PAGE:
Is this the Holy Grail of Facebook Marketing?
In a recent Harvard Business Review study it was revealed that only 12 percent of companies surveyed indicated that they were effective users of social media, and just 7 percent said they were able to integrate social media into their marketing activities.
These are the marketing problems that are all too common for businesses attempting to succeed in today’s social media environment.
Facebook the Social Media Marketing Powerhouse
Facebook is the social media marketing powerhouse and most of the younger demographic think Facebook “is” social media. The value of a Facebook ‘like’ is now starting to be calculated and measured with companies such as EventBrite (an on-line ticketing company) able to measure its worth.
Brands are still working out how to effectively leverage the power of Facebook’s reach, frequency and time spent in its ecosystem.
- Facebook accounts for 90% of all time spent on social networking sites
- In the US alone Facebook has 160 million visitors a month
- One in 13 people in the world are on Facebook (it is a ‘very’ global platform)
- Many iconic brands have been able to amass substantial Fan followings, with Coca Cola, Starbucks and Disney each boasting more than 20 million Fans as of July 2011.
The scale of this reach is focusing attention by marketing agencies on how to “market at scale” with social media and more specifically Facebook.
Why You Should Target ‘Friends of Fans’
A survey by ComScore in conjunction with Facebook looks closely at what the potential reach of not only the “fans” but “friends of fans” . This what you call the ‘secondary effect’. These friends of fans represent a much larger set of consumers (34 times larger, on average, for the top 100 brand pages)
While Bing with a fan base of approximately 1.7 million fans on Facebook, the number of “Friends of Fans” is 232 million – more than 130 times the size of its Fan base
With this sort of secondary reach it is certainly worth looking more closely at ways to reach “friends of fans”.
Is effectively marketing to these friends of fans the holy grail of Facebook marketing?
Two Ways you can Reach Friends of Fans
In the survey ComScore describes a unit of branded content called a “social media brand impression.” These impressions occur throughout a social network and may be delivered through a variety of channels. The two primary vehicles through which unearned (not paid for) impressions are delivered are:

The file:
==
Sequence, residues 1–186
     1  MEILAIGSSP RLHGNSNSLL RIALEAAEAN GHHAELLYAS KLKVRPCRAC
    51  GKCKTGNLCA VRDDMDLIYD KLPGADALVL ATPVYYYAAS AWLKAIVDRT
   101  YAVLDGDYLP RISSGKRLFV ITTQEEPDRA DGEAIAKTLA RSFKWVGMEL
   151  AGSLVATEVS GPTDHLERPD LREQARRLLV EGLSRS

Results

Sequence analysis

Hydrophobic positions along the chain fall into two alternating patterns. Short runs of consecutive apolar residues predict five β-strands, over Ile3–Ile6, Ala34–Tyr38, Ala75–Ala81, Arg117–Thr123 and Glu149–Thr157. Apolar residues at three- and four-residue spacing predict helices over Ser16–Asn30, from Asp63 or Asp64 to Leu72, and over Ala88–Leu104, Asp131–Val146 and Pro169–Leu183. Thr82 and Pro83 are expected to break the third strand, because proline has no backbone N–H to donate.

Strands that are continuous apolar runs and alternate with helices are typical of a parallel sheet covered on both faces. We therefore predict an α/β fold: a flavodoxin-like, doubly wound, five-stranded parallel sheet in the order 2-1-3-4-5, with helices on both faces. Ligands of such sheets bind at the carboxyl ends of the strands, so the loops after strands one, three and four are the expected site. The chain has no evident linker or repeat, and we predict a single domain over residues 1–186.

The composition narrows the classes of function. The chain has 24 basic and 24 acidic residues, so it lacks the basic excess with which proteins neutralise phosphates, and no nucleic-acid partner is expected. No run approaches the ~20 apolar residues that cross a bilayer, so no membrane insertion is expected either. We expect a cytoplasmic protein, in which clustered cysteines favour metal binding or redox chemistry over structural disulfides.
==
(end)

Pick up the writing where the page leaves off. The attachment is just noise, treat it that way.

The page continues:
1. Page Publishing
These unpaid impressions appear on the Fan page wall and may also appear in the Newsfeed of a Fan or a Friend of a Fan.
2. Stories about Friends
These unpaid impressions occur when a Friend actively engages with a brand (e.g. Amy “Likes” Bing) and become visible either on a Friend’s wall or in the Newsfeed. These stories may appear to Fans and Friends of Fans.
Now it must be kept in mind that not all news updates published on a Brands “page” appear on the Fans profiles.
Why don’t all Fans see the Content Published?
Facebook analysis indicates that, on average, 16 percent of Fans are reached by branded content.
Why don’t all Fans see a particular piece of content from a brand? Some fans may miss content if they are not logged onto the site during a period when brands are active.
Additionally, the Facebook Newsfeed uses an algorithm (called Edge Rank) to rank content based upon the likely interest to a user so, unlike in other social media settings, only the content determined to be most relevant to a user is delivered at a specific time.
These results are similar to the degree of reach between users and their Friends – a given status update from a user will result in approximately 12 percent reach among their Friends, according to a Facebook analysis.
Fan Value and Social Media ROI
The study also looked at what is the value is for these social media brand impressions and asked perhaps the most common questions that arise in evaluating social media efforts.
- What is a Fan worth?
- What is the return on my social media investment?
Comscore quantified the value of a Fan in the following ways:
- Increasing engagement and loyalty among Fans
- Generating incremental purchases among Fans
Website visitation was significantly greater amongst Fans and Friends of Fans of Starbucks with website visits up 418% by fans and 230% by Friends of fans.
2.Generating Incremental Purchases
Starbucks fans and friends of fans spent 10% more and transacted 11% more frequently than the average internet user who bought at Starbucks
This survey shows that generating more Facebook likes and increasing engagement will increase the reach and provide marketing at scale. It also revealed the importance of the secondary effect and the magnitude and opportunity promised by reaching the “Friends of Fans”. Is achieving effective engagement with “Friends of Fans” the holy grail of Facebook marketing?
So the challenge continues to improve the ROI for your Facebook campaigns and amplify your marketing!
Image by Dan Culleton
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